You sit down at your computer with every intention of working on your next project or task, then procrastination sets in. Two hours later, you realize you still haven’t begun the task in earnest. Why is it so easy to shrug something off, even when you know the job must get done?
Research shows that our brains are wired to have two types of motivation. We are either driven by internal (or intrinsic) motivation to achieve a goal, which is when we do something because it is personally rewarding. Or we are driven by external (or extrinsic) motivation, which is when we do something to earn a reward or avoid punishment.
Each type of motivation can be effective. Internal motivation is thought to work best in the long run, but external motivation can be a useful tool in some cases, such as prompting you to complete a task or assignment that doesn’t internally interest you.
The secret is knowing how to tap into both types of motivations to overcome procrastination and be more proactive. To help you do that, here are 5 brain hacks to boost motivation and stay productive, even when distractions abound.
1. Tap into your bigger purpose.
When you find your motivation is lacking, try focusing on the purpose behind what you are doing or on how it plays into the larger goal of what you want to accomplish.
Focusing on the bigger goal gives you the feeling of working on something greater and being part of something bigger than yourself. It gives deeper meaning to the objective you seek or the project you are putting long hours into.
For instance, try thinking about how what you’re doing is adding value to your customers and their lives, or about how your business is impacting the world (even in small ways). When you consider the larger effects of what you or your team is doing, you’ll feel more connected to the whole and will be more motivated to do your part.
2. Don’t over think it.
Overthinkers complicate an easy task by anticipating unlikely problems. When you over think a project you are working on, it creates more stress and pressure. Ultimately, it obstructs your motivation.
Research has shown that chronic stress and anxiety can actually shrink your brain. A relaxed mind is better able to focus and solve problems.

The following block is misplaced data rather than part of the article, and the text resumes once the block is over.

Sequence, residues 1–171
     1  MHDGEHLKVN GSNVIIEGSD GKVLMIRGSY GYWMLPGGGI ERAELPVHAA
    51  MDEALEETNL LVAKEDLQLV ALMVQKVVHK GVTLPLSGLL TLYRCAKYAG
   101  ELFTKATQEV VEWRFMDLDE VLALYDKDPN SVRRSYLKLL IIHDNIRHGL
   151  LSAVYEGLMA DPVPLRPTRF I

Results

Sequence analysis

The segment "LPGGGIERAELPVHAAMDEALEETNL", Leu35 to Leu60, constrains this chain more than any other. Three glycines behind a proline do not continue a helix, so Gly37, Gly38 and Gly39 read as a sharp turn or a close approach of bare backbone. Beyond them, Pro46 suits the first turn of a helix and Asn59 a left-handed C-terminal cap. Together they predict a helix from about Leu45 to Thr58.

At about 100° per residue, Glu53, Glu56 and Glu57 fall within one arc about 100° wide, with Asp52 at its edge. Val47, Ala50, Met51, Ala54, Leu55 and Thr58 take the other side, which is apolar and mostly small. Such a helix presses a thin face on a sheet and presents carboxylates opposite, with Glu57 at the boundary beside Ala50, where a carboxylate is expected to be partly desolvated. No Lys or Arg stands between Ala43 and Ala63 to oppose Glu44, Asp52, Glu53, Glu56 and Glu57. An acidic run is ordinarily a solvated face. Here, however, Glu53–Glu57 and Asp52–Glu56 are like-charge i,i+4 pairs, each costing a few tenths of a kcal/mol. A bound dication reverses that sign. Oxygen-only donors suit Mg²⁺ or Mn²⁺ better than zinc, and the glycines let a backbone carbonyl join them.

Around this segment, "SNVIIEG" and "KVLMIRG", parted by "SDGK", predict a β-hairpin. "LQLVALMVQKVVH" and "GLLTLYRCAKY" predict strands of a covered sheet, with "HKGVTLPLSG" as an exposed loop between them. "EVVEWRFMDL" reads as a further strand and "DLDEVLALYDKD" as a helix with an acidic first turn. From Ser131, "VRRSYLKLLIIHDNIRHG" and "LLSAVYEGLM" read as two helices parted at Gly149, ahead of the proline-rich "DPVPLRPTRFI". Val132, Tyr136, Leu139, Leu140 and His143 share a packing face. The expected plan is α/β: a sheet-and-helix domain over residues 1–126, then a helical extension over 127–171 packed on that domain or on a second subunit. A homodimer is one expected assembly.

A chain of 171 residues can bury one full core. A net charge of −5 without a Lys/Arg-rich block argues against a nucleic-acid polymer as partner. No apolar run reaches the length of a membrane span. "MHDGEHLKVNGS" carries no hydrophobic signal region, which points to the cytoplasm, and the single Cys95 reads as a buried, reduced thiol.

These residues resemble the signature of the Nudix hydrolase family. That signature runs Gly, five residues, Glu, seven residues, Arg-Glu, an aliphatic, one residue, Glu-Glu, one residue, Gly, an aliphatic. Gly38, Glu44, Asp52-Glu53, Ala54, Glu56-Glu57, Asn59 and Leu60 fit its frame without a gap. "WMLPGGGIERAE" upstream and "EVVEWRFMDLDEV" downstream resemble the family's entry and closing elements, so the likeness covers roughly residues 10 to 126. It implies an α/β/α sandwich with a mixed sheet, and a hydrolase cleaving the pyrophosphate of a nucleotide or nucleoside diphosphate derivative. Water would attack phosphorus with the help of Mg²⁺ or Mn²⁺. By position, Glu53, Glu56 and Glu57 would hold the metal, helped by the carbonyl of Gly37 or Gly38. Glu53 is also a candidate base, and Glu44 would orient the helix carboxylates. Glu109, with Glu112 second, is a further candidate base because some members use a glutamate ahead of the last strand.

To counter a tendency to over think a problem, make sure to keep your goals simple and small. This will break your objectives into more manageable chunks. Focus on accomplishing each step. This in turn creates motivation, because you see yourself moving forward and accomplishing your goals.
3. Overcome mental blocks.
Nothing is quite as de-motivating as a mental block that feels like glue poured into your brain. Your creative process feels locked up and nothing seems to work right.
Becoming stuck is often a symptom you’re caught in a negative thought loop. You tell yourself: “What’s the answer to this problem? What should I do? I should know this!” Round and round you go, and the more pressure you put on yourself, the more stuck you become.
To unstick yourself, start by reasking the question or reframing it from a different perspective. Take a deep breath, relax and allow your subconscious to find the answer. This is your “ah-ha” moment.
4. Counter negative perceptions.
Observe how you feel as you begin a task. Are you dreading the assignment? Are you anticipating it will be tedious or difficult to accomplish? That mindset will stymie your motivation and sap your inspiration before you even start.
You can change negative perceptions, just as you can train your mind to detoxify bad memories. To weaken a pessimistic perception of something, think about the task and bring the memory of doing it into your mind.
Imagine the memory getting smaller and dimmer, like you’re watching a tiny black-and-white TV. Now add new details to the memory that change it. Make it fun. Make it silly. Make it seem less threatening. Imagine being engaged with and enjoying the work.
Do this five to 10 times and you’ll discover your perception has changed. The unpleasant memory no longer has the same sting.
5. Strengthen your good memories.
Another way to tap into your natural motivation is to strengthen those memories where you are succeeding and accomplishing your goals. By doing this, you can enhance and encourage your motivation and inspiration.
To do this, recall as vividly as you can a fulfilling memory of succeeding or accomplishing your goals. Imagine this memory as if it were being projected on a huge IMAX screen.
Make the memory bright and loud. Now increase the positive feelings that you experienced, just like turning up a dial.
Do this 5 or 10 times, and you’ll discover that what was once just a positive memory is now a driving motivation. The more you experience the memory, the more you’ll want to relive it and make it real again.